I think your paragraph is perfect. It shows that this is a well thought out decision on your part and something you are quite serious about. It doesn't come across as childish in the slightest.

    There is something you need to know. It is a proven medical and scientific fact that vegans get more than enough protein from their diets. You do not have to be a test subject to prove this. When having your discussion with your parents, please print this out and give it to them. It's from the group Jewish Vegetarians of North America and does an amazing job of summarizing the protein myth:

    In addition, please buy this book for them or at least tell them about it. It's called The China Study. It's the largest comprehensive study of human nutrition ever conducted. It was launched via a partnership between Cornell University, Oxford University, and the Chinese Academy of Preventative Medicine. The groundbreaking results from the study recommend the best diet for long-term health. I don't want to spoil the ending for you, but the best diet includes eliminating meat and dairy.

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    Posted by happycowgirl at 12/31/12 09:57:11

    Also, Emily:
    If it were me, I would have a plan - or at least a general idea - in place as to how you're going to make the transition from meat eating to being vegan. This is something that happens naturally in due course for people who are out of the house and on their own, but when parents are involved I think it helps to show them your plan.

    For example, tell them that during the first month you will simply give up red meat. For the second month, you will give up chicken and turkey, etc. Tell them you'll be replacing it with meat substitutes that are full of protein (the truth is you get all the protein you need and then some from a healthy vegan diet, but since your parents seem to be primarily concerned about your protein intake, this should put them at ease). Then tell them that once you've mastered this, you'll work on eliminating dairy from your diet. Obviously, you should come up with a plan that sounds good to you. These are merely suggestions I hope you'll find helpful.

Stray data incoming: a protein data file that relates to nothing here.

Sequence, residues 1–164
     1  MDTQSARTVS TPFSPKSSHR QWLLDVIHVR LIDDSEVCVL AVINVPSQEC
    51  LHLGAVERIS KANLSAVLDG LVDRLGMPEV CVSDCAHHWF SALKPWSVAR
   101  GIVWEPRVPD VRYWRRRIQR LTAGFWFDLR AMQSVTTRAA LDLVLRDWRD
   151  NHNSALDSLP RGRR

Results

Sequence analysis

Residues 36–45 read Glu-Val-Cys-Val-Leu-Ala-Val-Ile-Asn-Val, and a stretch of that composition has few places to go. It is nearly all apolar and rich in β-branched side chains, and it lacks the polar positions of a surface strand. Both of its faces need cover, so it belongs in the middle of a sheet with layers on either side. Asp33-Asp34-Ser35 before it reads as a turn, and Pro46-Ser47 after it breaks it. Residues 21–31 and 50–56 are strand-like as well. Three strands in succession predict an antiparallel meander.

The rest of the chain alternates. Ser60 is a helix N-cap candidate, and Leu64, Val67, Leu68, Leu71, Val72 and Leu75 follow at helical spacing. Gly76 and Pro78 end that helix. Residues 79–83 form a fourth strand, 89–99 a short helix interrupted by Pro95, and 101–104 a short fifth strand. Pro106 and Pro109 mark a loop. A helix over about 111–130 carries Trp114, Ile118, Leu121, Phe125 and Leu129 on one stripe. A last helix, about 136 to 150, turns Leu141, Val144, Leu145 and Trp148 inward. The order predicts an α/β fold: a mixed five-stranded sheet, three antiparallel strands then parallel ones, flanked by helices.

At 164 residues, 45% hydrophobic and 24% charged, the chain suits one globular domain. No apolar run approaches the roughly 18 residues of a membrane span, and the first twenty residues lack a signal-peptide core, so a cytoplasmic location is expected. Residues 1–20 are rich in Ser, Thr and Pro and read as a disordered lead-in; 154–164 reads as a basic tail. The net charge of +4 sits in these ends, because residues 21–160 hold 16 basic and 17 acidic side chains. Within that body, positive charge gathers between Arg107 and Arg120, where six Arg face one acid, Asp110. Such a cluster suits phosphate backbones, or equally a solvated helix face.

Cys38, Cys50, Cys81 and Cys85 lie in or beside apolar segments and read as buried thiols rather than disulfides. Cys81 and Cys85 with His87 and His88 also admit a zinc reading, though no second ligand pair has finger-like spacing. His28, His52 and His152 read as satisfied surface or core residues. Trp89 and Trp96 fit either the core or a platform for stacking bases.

The idea behind a plan like this is to make the transition gradually. You may be ready to make the transition overnight, it's your parents who will likely need to be eased into it. So during the first month if you eliminate only red meat from your diet, this will give whoever does the cooking in your house time to get used to making dishes that accommodate this need. For example, if making a casserole it's very easy to make half with meat and leave the meat off of the other half. Or use Morning Star Farms protein crumbles (fake meat made from veggie protein) on your half. You can get used to cooking products like this and show your mom or dad, whoever does the cooking, how easy it is. More examples - when ordering a pizza, they simply need to allow you to order half the pizza with the veggie toppings of your choice (no meat). When making hot dogs, they can allow you to make tofu dogs which incidentally have more protein than hot dogs and are ridiculously easy to make. When they make hamburgers, they can allow you to make a veggie burger.

    Be sure to get in the habit of going with your mom or dad to the store. Make it an adventure and explore the different vegetarian products out there. Get familiar with the Morning Star Farms (green boxes) and Boca (red boxes) products. Those can be found in almost all supermarkets. If you are lucky enough to live near a Whole Foods, you absolutely must go there. It's a vegetarian and vegan wonderland.

    Hope this helps. We're rooting for you! : )